The University of Rhode Island women’s volleyball team probably won’t be traveling to St. Louis or Dayton this fall. The baseball team won’t have quite as many of its busy conference weekends. The two-time reigning Atlantic 10 champion URI men’s soccer team will have to finish in the top four of the league standings in order to have a shot at defending its tournament title, then face a shorter road to the crown.

Those changes all stem from last week’s annual spring meetings of the A-10 conference, which were conducted virtually for the first time. Ramifications of the coronavirus pandemic were a primary topic, and the league is making adjustments – mostly to non-revenue sports so far – to address the issues. Condensed and regionalized schedules, plus smaller tournament fields, are among the key moves. The changes will affect field hockey, volleyball, men’s soccer, women’s soccer, baseball, softball and women’s lacrosse in the 2020-21 season. No scheduling changes have been implemented for men’s or women’s basketball.

“We had our annual year-end conference business meeting to address key league topics, as well as the many issues we are facing as a result of the COVID-19 pandemic and the national economic crisis facing higher education and intercollegiate athletics,” A-10 Commissioner Bernadette V. McGlade said in a press release. “The decisions made, including revisions to our conference schedules, championship formats, policies and procedures were extremely difficult. However, each was considered and discussed with empathy, in consideration of the health, welfare and safety of our student-athletes, coaches, support staff and overall athletic programs.”

League officials, A-10 athletic directors, and men’s and women’s basketball coaches conducted video conference calls over three days as a substitute for the usual in-person spring meetings.

“The Atlantic 10 membership, like all of college sports, must carefully navigate the current environment with regards to health and safety while maintaining fiscal responsibilities,” said URI Athletic Director Thorr Bjorn, who is also chair of the A-10 Athletic Directors’ group. “I believe we’ve done that successfully this week, and I commend my colleagues and thank the Atlantic 10 staff for working together to address many key issues.”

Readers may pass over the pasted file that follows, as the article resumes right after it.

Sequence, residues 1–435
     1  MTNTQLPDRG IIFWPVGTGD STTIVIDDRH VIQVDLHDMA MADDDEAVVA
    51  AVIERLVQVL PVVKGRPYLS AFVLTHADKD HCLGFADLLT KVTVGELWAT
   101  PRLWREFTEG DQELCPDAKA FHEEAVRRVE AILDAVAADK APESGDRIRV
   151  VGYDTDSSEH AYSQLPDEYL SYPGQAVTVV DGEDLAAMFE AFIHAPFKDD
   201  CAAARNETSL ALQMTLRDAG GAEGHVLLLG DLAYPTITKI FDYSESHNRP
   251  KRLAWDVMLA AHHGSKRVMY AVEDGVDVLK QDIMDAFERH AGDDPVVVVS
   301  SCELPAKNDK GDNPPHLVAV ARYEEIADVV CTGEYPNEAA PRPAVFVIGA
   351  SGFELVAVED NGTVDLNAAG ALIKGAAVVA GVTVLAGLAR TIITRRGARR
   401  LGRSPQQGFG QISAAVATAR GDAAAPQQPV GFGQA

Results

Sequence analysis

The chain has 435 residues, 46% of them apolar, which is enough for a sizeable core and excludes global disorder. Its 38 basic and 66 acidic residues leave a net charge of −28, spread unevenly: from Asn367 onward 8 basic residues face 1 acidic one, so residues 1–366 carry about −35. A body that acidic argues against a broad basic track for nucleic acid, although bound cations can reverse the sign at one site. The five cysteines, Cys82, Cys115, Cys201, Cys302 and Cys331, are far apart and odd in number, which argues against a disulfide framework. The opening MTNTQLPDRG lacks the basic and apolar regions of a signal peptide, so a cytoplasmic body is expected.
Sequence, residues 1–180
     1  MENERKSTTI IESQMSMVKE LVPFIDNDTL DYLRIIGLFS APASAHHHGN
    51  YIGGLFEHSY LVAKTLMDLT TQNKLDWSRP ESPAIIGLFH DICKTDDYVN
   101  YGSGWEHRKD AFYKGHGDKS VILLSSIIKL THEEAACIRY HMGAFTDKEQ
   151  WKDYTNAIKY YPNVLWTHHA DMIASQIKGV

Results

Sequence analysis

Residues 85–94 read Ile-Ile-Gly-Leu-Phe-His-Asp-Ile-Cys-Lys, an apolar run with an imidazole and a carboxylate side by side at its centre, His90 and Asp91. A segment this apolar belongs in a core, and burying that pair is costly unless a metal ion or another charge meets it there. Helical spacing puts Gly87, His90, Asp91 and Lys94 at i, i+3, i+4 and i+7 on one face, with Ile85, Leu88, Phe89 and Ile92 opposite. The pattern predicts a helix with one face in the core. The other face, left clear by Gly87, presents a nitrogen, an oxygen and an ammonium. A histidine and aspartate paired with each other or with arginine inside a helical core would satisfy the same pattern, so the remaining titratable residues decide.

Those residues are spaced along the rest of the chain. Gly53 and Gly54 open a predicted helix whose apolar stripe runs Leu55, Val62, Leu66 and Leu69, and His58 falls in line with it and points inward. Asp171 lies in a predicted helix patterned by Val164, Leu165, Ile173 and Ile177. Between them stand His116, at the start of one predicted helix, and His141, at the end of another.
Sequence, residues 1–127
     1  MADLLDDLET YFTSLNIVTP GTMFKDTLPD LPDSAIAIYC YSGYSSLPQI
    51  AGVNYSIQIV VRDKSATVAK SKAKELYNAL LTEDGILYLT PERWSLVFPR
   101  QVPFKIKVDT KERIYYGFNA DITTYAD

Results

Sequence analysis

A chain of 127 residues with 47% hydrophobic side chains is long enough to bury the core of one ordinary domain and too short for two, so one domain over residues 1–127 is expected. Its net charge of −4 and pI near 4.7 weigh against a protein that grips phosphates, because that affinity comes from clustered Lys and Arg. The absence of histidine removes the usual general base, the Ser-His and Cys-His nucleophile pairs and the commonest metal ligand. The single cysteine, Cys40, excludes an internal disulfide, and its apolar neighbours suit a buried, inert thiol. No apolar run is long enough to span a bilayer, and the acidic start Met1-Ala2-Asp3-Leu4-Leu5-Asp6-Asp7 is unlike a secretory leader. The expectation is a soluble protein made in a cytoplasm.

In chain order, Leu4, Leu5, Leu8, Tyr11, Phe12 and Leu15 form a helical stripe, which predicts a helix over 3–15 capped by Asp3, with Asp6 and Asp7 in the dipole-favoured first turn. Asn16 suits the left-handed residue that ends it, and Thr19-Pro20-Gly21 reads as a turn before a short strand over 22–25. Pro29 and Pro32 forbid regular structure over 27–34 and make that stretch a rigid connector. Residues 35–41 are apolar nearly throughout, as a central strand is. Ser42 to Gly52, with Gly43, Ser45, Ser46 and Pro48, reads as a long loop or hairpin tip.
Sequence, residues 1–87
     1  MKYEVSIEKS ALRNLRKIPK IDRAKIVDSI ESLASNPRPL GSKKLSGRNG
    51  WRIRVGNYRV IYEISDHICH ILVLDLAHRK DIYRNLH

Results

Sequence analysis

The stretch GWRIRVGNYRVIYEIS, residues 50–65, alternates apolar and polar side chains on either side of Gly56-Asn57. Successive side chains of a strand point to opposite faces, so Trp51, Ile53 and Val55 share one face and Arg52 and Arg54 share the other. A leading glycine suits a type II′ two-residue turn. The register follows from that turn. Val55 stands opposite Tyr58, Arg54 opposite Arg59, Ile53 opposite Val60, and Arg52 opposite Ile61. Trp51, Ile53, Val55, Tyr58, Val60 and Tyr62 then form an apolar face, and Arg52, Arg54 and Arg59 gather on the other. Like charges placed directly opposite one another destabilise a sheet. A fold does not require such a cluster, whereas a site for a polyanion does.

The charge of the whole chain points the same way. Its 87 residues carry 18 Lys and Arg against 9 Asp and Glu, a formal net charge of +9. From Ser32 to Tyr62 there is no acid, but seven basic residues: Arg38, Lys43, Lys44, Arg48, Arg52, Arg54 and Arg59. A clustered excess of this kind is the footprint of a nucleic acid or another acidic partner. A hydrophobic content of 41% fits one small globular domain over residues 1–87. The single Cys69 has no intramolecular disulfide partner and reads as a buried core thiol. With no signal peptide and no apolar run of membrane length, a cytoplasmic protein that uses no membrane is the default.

Many unknowns loom large for colleges and universities amid the pandemic, particularly in terms of the fall semester. The league could be forced to make additional significant adjustments if students are not back on campus.

“The hope is that there will be a return to campus and classes with the ability to implement the necessary COVID-19 protocols for the fall semester. Should this not occur, the conference is prepared to go back to the drawing board and reevaluate with medical professionals all decisions in the best interests of our student-athletes and programs,” added McGlade. “These are extraordinary times and the athletic directors are leading in extraordinary fashion as evidenced by their willingness to make smart, hard decisions for the 2020-21 season while remaining committed to staying focused and resilient as circumstances in our world of athletics and academia change on a daily basis.”

For URI, the schedule changes will impact men’s and women’s soccer and women’s volleyball in the fall, and baseball and softball in the spring. Schedules would be condensed by 25 percent. That would mean 10 conference matches in volleyball compared to 14 last year, six in men’s soccer from an already short eight-game season and eight in women’s soccer compared to 10. Baseball and softball teams, which play conference series on the weekends, would go from 24 games down to 18.

The league will also construct schedules with less travel. The A-10 stretches from URI at its most eastern point to St. Louis furthest west, from UMass at its most northern to Davidson in North Carolina, down south.

“These revised schedules will allow for institutions to ensure a safer environment, minimize travel and missed class time, and conserve cost while still providing competitive schedules for the student-athletes and coaches,” read the A-10 release.

Championships in volleyball, soccer, baseball, softball and women’s lacrosse will feature four-team brackets, designed to limit travel and allow the tournaments to be conducted over the course of one weekend. URI won the A-10 men’s soccer title in both 2018 and 2019.

In addition to the changes to game schedules, the league will alter its plans for men’s basketball media day and future administrative meetings in the 2020-21 academic year. All will be held virtually.

Outside of coronavirus issues, the directors and coaches discussed a number of pertinent NCAA governance-related issues, including the transfer legislative and waiver criteria, pending discussions on regulatory adjustments directly impacted by the pandemic, as well as future decision-making frameworks and protocols for safe return to sport. Discussion related to the soon to be drafted legislation for student athletes’ use of their name, image and likeness (NIL), was vetted, allowing for meaningful feedback to the NCAA.

The men’s and women’s basketball coaches each held their annual meetings, discussing scheduling, NCAA legislation and processes for the return of their student-athletes to campus and safe training. The 2020-21 conference schedule pairings were discussed, and the men’s 18-game, and women’s 16-game pairings will be delivered soon.

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